The Sacrament of Second Chances

Man praying in the aisle of church

We all get second chances in life. Chances to start again or maybe right a wrong.  Chances to make a difference.

Pharisees held that God would be pleased when the Law was faithfully followed to the smallest detail. They could not understand the Christian point of view, that sinners who did not keep the Law could still please God by repenting.  If the Pharisees could not understand the impact of repentance, then they could not understand its connection with resurrection.  Just as God raised Jesus up after physical death, so He can raise sinners up after moral death. To turn again to God is to be “raised up” by God – to be given a second chance.

The Sacrament of Reconciliation or Confession is a sacrament of second chances. Jesus told us that Satan is “prince of this world” (John 14:30) so it’s hardly surprising that, surrounded by constant temptations, we find ourselves falling back, sometimes into even the same sin – so we may need a third chance or more!  Remember when Peter asked Jesus how many times he should forgive his brother who sins against him and suggested up to seven times? (Matthew 18:21) Jesus advised not seven but seventy-seven times – in other words our forgiveness should be limitless, thereby reflecting the nature of God’s love, mercy and forgiveness.  In effect and in spite of our sin, God continually calls us back to Himself and to the Church through His grace. This movement is called repentance or conversion; it consists of sorrow for past sins committed and a firm promise to try not to sin in the future. (Catechism 1489, 1490)

There are two types of repentance.  If repentance is based upon a love for God, it is called “perfect contrition”; such contrition forgives mortal sins if the intention to receive the sacrament of reconciliation (as soon as reasonably possible) is present. (1492, 1459).  If repentance is based upon other reasons (for instance fear or guilt), it is called “imperfect contrition.” (1492)

The sacrament of reconciliation consists of a penitent’s actions and the priest’s absolution. The penitent’s actions are:  repentance (an examination of conscience and true sorrow for sins committed), confession of sins to the priest who is acting “In persona Christi”, the intention to repair damage done and actions to repair such damage. (1486, 1491).  The sacrament allows the penitent the chance for self-honesty, spiritual counselling and the opportunity to right past wrongs. In the absolution, the priest recognises the process of conversion in the penitent and declares it complete. Indeed, sin has been forgiven.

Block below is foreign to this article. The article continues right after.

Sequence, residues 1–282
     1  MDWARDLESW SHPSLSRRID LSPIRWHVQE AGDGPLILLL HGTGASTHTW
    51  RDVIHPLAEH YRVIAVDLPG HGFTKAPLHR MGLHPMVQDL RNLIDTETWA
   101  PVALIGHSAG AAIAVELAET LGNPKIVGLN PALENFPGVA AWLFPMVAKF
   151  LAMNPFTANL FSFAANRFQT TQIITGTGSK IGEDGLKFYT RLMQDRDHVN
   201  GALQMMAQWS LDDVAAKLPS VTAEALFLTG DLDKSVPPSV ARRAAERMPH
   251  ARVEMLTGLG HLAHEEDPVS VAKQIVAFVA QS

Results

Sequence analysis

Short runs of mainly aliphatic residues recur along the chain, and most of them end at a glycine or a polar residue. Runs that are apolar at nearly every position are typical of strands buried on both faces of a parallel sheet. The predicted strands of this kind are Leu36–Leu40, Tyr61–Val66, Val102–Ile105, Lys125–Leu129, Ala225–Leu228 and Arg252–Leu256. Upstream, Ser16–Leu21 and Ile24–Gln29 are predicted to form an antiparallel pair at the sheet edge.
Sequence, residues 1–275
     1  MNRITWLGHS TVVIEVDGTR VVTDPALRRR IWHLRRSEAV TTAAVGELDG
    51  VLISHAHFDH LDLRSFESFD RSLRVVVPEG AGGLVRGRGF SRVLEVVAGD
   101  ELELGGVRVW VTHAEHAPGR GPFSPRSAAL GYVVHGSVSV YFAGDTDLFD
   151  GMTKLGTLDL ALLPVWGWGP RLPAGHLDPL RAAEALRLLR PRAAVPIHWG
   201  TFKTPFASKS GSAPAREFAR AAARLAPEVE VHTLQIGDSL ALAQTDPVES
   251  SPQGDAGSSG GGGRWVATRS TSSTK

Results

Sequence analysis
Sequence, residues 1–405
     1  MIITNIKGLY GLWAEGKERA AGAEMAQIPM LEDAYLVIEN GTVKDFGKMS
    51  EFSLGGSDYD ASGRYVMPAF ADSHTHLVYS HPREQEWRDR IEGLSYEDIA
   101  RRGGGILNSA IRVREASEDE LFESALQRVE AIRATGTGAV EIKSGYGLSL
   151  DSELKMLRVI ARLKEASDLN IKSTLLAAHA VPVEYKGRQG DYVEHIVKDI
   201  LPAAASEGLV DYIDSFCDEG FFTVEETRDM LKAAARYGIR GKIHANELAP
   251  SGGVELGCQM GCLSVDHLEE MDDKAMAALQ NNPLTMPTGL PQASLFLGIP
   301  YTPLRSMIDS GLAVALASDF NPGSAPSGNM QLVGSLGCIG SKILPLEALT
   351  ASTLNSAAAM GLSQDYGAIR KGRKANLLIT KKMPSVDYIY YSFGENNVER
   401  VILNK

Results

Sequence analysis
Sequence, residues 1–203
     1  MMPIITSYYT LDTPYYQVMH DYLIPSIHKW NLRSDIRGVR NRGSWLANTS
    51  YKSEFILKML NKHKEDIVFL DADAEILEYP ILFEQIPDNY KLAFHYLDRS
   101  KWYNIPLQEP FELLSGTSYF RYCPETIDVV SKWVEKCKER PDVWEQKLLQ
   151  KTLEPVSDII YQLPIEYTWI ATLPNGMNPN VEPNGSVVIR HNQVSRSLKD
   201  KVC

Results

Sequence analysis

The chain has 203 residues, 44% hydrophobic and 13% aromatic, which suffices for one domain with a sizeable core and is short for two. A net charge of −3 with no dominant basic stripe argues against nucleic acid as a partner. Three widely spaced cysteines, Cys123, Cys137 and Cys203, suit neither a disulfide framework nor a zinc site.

Second chances are invitations to transition.  Christianity is a lifelong celebration of second chances, not a presumption of God’s mercy. That is why we have the Sacrament of Reconciliation, a chance the wipe the spiritual slate clean, a chance to start anew as a child of the Father.  How have you celebrated conversion this Lent? Have you encouraged those around you to do the same?  The church invites you to make plans with your family to celebrate the sacrament this week or next.  Extra confessions will be available at St. Edward’s this week as follows:

  • Wednesday 6th April:  9am – 10am, and after Mass until 11.30 am
  • Wednesday 6th April: 4.00 pm – 4.30 pm – confession in the hospital chapel for the hospital staff
  • Thursday 7th April:  10am – 11am (with Adoration and Benediction)
  • Thursday 7th April:  6pm – 7pm & after Mass until 8pm. (not socially distanced on this occasion)

Jesus, Son of God have mercy on me, a sinner



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